Virginia reports 943 new coronavirus cases Tuesday

By SALEEN MARTIN, Virginian-Pilot (Metered Paywall - 2 articles a month)

The Virginia Department of Health reported 943 new coronavirus cases Tuesday, bringing the state's tally to 135,514. At least 2,839 Virginians have died from the virus, up 96 from Monday.

School divisions begin to report isolated COVID-19 cases with students, teachers returning to the classroom

By CLAIRE MITZEL, Roanoke Times (Metered Paywall - 5 articles a month)

Roanoke and New River valleys school districts have started to report a handful of COVID-19 cases as students and staff settle back into the classroom. Classrooms have remained open in nearly every instance. Botetourt County's Buchanan Elementary School on Monday moved one class online until Sept. 28 following a probable COVID-19 case that has "the possibility of multiple close contacts within the classroom," according to a letter sent to parents. Also, Montgomery County Public Schools has moved fourth through 12th grades online through Sept. 28, not as a result of positive cases but to preempt a projected spike in the area.

Southwest region's daily COVID-19 cases are higher than elsewhere in Virginia

By LUANNE RIFE, Roanoke Times (Metered Paywall - 5 articles a month)

New daily cases of COVID-19 are coming in now at a faster pace in Southwest Virginia than any other region in the state. Gov. Ralph Northam said during a news conference Tuesday that he doesn't intend to impose any new restrictions and that he thinks Radford University, Virginia Tech and the local communities are doing a good job of addressing the surge.

Southwest Virginia's coronavirus increase concerning, Northam says

By SHEN WU TAN, Washington Times

Virginia Gov. Ralph Northam on Tuesday said while the Eastern region of the state has shown improvement, the uptick in coronavirus cases in the Southwest is cause for concern. The Southwest region of the state has an average daily new coronavirus case count of 229 and a positivity rate of 8.1%, according to the Democratic governor. While the positivity rate has been decreasing in recent days, it is still the highest rate in Virginia.

Two more die at Piedmont, as COVID-19 outbreaks hit young and old in state mental institutions

By MICHAEL MARTZ, Richmond Times-Dispatch (Access to this article limited to subscribers)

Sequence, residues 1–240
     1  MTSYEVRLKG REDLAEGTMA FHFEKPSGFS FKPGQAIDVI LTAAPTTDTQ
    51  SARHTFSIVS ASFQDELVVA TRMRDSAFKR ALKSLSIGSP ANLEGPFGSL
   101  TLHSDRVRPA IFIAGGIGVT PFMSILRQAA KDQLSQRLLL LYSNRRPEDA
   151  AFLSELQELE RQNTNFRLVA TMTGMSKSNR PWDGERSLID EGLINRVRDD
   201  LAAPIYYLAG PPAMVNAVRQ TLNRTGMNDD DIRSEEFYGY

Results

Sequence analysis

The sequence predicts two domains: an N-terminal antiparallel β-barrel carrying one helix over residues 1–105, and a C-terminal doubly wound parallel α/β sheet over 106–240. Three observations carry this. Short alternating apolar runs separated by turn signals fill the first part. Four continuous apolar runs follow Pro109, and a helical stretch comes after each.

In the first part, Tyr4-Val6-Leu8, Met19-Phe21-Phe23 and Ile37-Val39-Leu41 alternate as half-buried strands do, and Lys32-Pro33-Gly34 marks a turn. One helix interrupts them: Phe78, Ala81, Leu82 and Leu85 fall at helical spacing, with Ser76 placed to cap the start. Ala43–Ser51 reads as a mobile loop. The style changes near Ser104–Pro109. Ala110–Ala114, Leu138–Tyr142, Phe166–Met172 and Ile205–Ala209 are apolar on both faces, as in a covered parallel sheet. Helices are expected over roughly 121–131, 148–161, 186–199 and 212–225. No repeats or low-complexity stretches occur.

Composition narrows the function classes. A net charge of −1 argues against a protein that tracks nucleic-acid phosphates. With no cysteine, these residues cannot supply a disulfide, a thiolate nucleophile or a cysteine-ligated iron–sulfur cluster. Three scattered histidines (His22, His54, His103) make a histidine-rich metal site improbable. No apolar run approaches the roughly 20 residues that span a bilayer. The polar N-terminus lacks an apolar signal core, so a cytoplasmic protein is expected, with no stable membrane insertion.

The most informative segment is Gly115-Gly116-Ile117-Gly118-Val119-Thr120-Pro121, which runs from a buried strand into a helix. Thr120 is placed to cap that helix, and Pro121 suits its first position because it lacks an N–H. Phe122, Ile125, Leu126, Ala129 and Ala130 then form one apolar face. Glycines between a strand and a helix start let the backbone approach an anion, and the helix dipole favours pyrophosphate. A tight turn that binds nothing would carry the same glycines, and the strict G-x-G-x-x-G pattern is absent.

Two more patients have died of COVID-19 at Piedmont Geriatric Hospital, a state psychiatric institution in Nottoway County that has lost nine patients to the disease but appears to have the outbreak under control. State behavioral health officials said Piedmont had no positive cases of COVID-19 among its employees or patients on Tuesday, but 13 employees and 21 patients have recovered from infection by the virus in an outbreak that began in mid-July.

Officials confirm COVID-19 outbreak at CCCA in Staunton


The Virginia Department of Behavioral Health and Developmental Services (DBHDS) confirms a COVID-19 outbreak at the Commonwealth Center for Children and Adolescents (CCCA). As of Tuesday, September 15, 25 staff members and 12 patients have tested positive at the Staunton-area facility.


Officers: We gave 'chance after chance' before 2017 Ghaisar shooting

By MATTHEW BARAKAT, Associated Press

Two U.S. Park Police officers say they gave "chance after chance" to a northern Virginia man in a stop-and-go police chase before firing 10 shots that killed the unarmed driver in 2017, according to court records. Documents made public late Monday in a civil suit filed by the parents of 25-year-old Bijan Ghaisar of McLean provide the first real insight into the thought process of officers Alejandro Amaya and Lucas Vinyard, who shot and killed Ghaisar.

Confederate monument yet to find new home

By JOSH REYES, Daily Press (Metered Paywall - 1 article a month)

Newport News will take down its Confederate monument this week — and then put it in storage because nobody seems to want it. The City Council voted Aug. 11 to remove the monument from its spot next to the historic Warwick County Courthouse in Denbigh, where it's stood for 111 years. That activated a 30-day period to solicit bids for the monument, and the city asked five organizations if they wanted the monument.

Clarke County to form committee to help determine Confederate monument's fate